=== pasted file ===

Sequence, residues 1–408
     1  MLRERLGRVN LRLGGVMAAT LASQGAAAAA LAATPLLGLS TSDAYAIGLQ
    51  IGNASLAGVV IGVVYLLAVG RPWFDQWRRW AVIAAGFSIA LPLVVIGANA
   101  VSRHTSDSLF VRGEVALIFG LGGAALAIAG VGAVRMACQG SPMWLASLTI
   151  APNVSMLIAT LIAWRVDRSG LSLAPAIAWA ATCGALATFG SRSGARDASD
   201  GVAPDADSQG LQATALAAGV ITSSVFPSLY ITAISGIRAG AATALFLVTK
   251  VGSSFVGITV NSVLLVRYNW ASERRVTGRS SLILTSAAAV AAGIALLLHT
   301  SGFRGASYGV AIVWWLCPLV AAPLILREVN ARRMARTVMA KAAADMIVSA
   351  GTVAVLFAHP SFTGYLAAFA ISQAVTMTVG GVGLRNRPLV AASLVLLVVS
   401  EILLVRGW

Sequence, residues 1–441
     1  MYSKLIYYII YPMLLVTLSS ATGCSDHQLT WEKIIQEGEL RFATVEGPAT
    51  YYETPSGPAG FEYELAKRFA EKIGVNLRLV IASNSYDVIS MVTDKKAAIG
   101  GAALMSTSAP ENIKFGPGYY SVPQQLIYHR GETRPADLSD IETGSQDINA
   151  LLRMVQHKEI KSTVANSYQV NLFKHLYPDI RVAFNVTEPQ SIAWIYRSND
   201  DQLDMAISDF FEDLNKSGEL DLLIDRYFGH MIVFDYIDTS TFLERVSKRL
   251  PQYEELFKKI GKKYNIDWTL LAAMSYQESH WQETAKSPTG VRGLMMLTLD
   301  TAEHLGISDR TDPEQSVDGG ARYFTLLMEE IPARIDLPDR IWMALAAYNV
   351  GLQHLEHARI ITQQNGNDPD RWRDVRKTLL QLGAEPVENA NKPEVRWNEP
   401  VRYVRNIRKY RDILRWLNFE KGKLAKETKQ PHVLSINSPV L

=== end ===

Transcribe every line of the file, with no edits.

Sequence, residues 1–408
     1  MLRERLGRVN LRLGGVMAAT LASQGAAAAA LAATPLLGLS TSDAYAIGLQ
    51  IGNASLAGVV IGVVYLLAVG RPWFDQWRRW AVIAAGFSIA LPLVVIGANA
   101  VSRHTSDSLF VRGEVALIFG LGGAALAIAG VGAVRMACQG SPMWLASLTI
   151  APNVSMLIAT LIAWRVDRSG LSLAPAIAWA ATCGALATFG SRSGARDASD
   201  GVAPDADSQG LQATALAAGV ITSSVFPSLY ITAISGIRAG AATALFLVTK
   251  VGSSFVGITV NSVLLVRYNW ASERRVTGRS SLILTSAAAV AAGIALLLHT
   301  SGFRGASYGV AIVWWLCPLV AAPLILREVN ARRMARTVMA KAAADMIVSA
   351  GTVAVLFAHP SFTGYLAAFA ISQAVTMTVG GVGLRNRPLV AASLVLLVVS
   401  EILLVRGW

Sequence, residues 1–441
     1  MYSKLIYYII YPMLLVTLSS ATGCSDHQLT WEKIIQEGEL RFATVEGPAT
    51  YYETPSGPAG FEYELAKRFA EKIGVNLRLV IASNSYDVIS MVTDKKAAIG
   101  GAALMSTSAP ENIKFGPGYY SVPQQLIYHR GETRPADLSD IETGSQDINA
   151  LLRMVQHKEI KSTVANSYQV NLFKHLYPDI RVAFNVTEPQ SIAWIYRSND
   201  DQLDMAISDF FEDLNKSGEL DLLIDRYFGH MIVFDYIDTS TFLERVSKRL
   251  PQYEELFKKI GKKYNIDWTL LAAMSYQESH WQETAKSPTG VRGLMMLTLD
   301  TAEHLGISDR TDPEQSVDGG ARYFTLLMEE IPARIDLPDR IWMALAAYNV
   351  GLQHLEHARI ITQQNGNDPD RWRDVRKTLL QLGAEPVENA NKPEVRWNEP
   401  VRYVRNIRKY RDILRWLNFE KGKLAKETKQ PHVLSINSPV L